“Hello, blinky!” background service

We’ll create a simple Blinky app and connect a LED to your Windows IoT Core device (Raspberry Pi 2 or 3, MinnowBoard Max or DragonBoard). Be aware that the GPIO APIs are only available on Windows IoT Core, so this sample cannot run on your desktop.

Headless mode

This application is designed for a headless device. To better understand what Headless mode is and how to configure your device to be headless, follow the instructions here.

Load the project in Visual Studio

You can find the source code for this sample by downloading a zip of all of our samples here and navigating to the samples-develop\HelloBlinkyBackground. The sample code is available in either C++ or C#, however the documentation here only details the C# variant. Make a copy of the folder on your disk and open the project from Visual Studio.

Make sure you connect the LED to your board. Go back to the basic ‘Blinky’ sample if you need guidance.

Note that the app will not run successfully if it cannot find any available GPIO ports.

Deploy Your App

  1. With the application open in Visual Studio, set the architecture in the toolbar dropdown. If you're building for MinnowBoard Max, select x86. If you're building for Raspberry Pi 2, Raspberry Pi 3 or the DragonBoard, select ARM.
  2. Next, in the Visual Studio toolbar, click on the Local Machine dropdown and select Remote Machine</li>

  3. At this point, Visual Studio will present the Remote Connections dialog. If you previously used Powershell to set a unique name for your device, you can enter it here (in this example, we're using my-device).

    Otherwise, use the IP address of your Windows IoT Core device. After entering the device name/IP select Universal (Unencrypted Protocol) Authentication Mode, then click Select.

  4. You can verify or modify these values by navigating to the project properties (select Properties in the Solution Explorer) and choosing the Debug tab on the left:

When everything is set up, you should be able to press F5 from Visual Studio. The Blinky app will deploy and start on the Windows IoT device, and you should see the attached LED blink.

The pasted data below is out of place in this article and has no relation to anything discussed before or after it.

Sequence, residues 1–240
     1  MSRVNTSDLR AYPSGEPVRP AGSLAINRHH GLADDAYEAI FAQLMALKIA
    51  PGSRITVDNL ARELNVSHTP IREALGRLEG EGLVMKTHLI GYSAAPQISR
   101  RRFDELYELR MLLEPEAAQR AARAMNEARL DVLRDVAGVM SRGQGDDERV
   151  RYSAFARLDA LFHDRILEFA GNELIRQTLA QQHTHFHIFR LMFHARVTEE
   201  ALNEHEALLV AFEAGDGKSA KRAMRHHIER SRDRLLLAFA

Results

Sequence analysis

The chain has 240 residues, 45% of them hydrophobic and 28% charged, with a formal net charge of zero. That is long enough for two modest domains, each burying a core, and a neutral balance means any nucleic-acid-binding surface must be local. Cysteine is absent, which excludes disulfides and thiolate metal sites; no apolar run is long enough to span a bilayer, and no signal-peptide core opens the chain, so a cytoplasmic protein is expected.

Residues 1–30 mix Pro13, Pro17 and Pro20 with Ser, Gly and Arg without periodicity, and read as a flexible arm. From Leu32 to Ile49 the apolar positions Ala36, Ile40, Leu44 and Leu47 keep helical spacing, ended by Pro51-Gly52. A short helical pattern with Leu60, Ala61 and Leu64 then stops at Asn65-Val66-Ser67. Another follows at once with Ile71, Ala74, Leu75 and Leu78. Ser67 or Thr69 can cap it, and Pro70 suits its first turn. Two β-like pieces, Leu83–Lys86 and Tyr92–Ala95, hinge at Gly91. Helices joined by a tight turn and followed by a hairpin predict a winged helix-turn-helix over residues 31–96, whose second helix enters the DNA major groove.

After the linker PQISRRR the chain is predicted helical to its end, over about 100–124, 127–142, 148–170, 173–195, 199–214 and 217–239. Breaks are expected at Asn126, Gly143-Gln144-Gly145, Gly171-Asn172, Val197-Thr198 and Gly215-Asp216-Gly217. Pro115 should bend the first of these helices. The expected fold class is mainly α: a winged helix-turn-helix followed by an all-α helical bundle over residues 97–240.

Let’s look at the code

The code for this sample is pretty simple. We use a timer, and each time the ‘Tick’ event is called, we flip the state of the LED.

Timer code

Here is how you set up the timer in C#:

using Windows.System.Threading;

BackgroundTaskDeferral _deferral;
public void Run(IBackgroundTaskInstance taskInstance)
    _deferral = taskInstance.GetDeferral();

    this.timer = ThreadPoolTimer.CreatePeriodicTimer(Timer_Tick, TimeSpan.FromMilliseconds(500));
    . . .

private void Timer_Tick(ThreadPoolTimer timer)
    . . .

Initialize the GPIO pin

To drive the GPIO pin, first we need to initialize it. Here is the C# code (notice how we leverage the new WinRT classes in the Windows.Devices.Gpio namespace):

using Windows.Devices.Gpio;

private void InitGPIO()
    var gpio = GpioController.GetDefault();

    if (gpio == null)
        pin = null;

    pin = gpio.OpenPin(LED_PIN);

    if (pin == null)


Let’s break this down a little:

  • First, we use GpioController.GetDefault() to get the GPIO controller.

  • If the device does not have a GPIO controller, this function will return null.

  • Then we attempt to open the pin by calling GpioController.OpenPin() with the LED_PIN value.

  • Once we have the pin, we set it to be off (High) by default using the GpioPin.Write() function.

  • We also set the pin to run in output mode using the GpioPin.SetDriveMode() function.

Modify the state of the GPIO pin

Once we have access to the GpioOutputPin instance, it’s trivial to change the state of the pin to turn the LED on or off. You can modify ‘Timer_Tick’ to do this.

To turn the LED on, simply write the value GpioPinValue.Low to the pin:


and of course, write GpioPinValue.High to turn the LED off:


Remember that we connected the other end of the LED to the 3.3 Volts power supply, so we need to drive the pin to low to have current flow into the LED.

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